BAPP was founded in partnership with consortium members by the nonprofit American Botanical Council in 2011 as a research and education program to assist responsible members of the U.S. and international botanical industry in authenticating botanical raw materials, extracts, and essential oils, as well as to detect their adulteration by unscrupulous suppliers. The ultimate goal of BAPP is to help ensure the authenticity of botanical ingredients in consumer products.
The BAPP partnership also includes the nonprofit American Herbal Pharmacopoeia (AHP), an independent organization that produces high-quality monographs for use by herb industry members, researchers, and regulators on herbs used in commerce, and the National Center for Natural Products Research (NCNPR) at the University of Mississippi, the U.S. FDA-funded Center of Excellence for the analysis of botanical dietary ingredients and the development of appropriate laboratory methods for analyzing botanical ingredients and finished products.
As of early March 2021, BAPP has published 63 extensively peer-reviewed documents, freely available on the BAPP homepage and on the ABC website. BAPP documents include Botanical Adulterants Prevention Bulletins, laboratory guidance documents, the botanical adulterants monitor e-newsletter, and various articles in ABC’s peer-reviewed journal HerbalGram. In addition, BAPP scientists have authored or co-authored research papers in peer-reviewed scientific journals, and have participated in many public speaking events related to the global challenges associated with economically-motivated (intentional) adulteration. BAPP publications are peer-reviewed by numerous international experts in academia, industry, and government.
BAPP was founded by ABC founder and executive director Mark Blumenthal, and its first publication was released in HerbalGram issue 92 in the winter of 2011. Written by botanist, author, botanical expert, and renowned medicinal plant photographer Steven Foster, the article – “A Brief History of Adulteration of Herbs, Spices, and Botanical Drugs” – provides clear examples of adulteration, counterfeiting, and fraud in the sale of botanical materials since Greco-Roman times. Foster’s contributions also include HerbalGram articles on the adulteration of skullcap (Scutellaria lateriflora) with potentially liver-toxic germander (Teucrium chamaedrys), and articles on bilberry and the challenges of ginseng taxonomy and nomenclature.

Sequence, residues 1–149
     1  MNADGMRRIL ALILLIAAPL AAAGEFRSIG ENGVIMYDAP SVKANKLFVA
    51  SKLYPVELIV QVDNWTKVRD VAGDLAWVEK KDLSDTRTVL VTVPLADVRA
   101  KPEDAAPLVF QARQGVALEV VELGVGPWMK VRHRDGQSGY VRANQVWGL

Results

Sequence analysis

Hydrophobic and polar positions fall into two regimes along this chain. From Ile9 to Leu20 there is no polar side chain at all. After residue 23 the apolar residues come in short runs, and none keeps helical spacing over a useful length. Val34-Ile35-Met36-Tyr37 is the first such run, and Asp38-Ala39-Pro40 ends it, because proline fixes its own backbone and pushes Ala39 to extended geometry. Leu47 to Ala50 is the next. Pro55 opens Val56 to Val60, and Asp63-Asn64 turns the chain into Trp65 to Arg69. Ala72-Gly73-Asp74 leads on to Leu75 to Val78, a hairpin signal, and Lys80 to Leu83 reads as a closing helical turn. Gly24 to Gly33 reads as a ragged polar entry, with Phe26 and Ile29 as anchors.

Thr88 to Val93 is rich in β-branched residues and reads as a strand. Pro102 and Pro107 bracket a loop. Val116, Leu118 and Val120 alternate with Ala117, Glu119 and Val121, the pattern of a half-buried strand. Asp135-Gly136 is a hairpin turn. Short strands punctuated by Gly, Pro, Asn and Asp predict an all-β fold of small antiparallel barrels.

In 2013, BAPP expanded by hiring Stefan Gafner, PhD, as ABC’s chief science officer and BAPP’s technical director. In 2015, BAPP began publishing BAPBs (22 so far) and LGDs (10 so far).
In its 10-year history, BAPP has been supported by over 200 global botanical community and industry entities, including herb companies, trade associations in the U.S. and internationally, professional research and health practitioner organization, research centers, and others. A full list is available on the BAPP homepage.
“There are numerous ingredient suppliers and manufacturers in the botanical industry that operate their businesses ethically and responsibly, producing reliable and authentic botanical and fungal ingredients and a variety of natural consumer products,” Blumenthal said. “We are truly grateful for the financial, scientific, and moral support that BAPP receives from these companies, and many other parties in the global community who recognize the vitally important research and educational role that BAPP plays in the international medicinal plant and botanical industry.”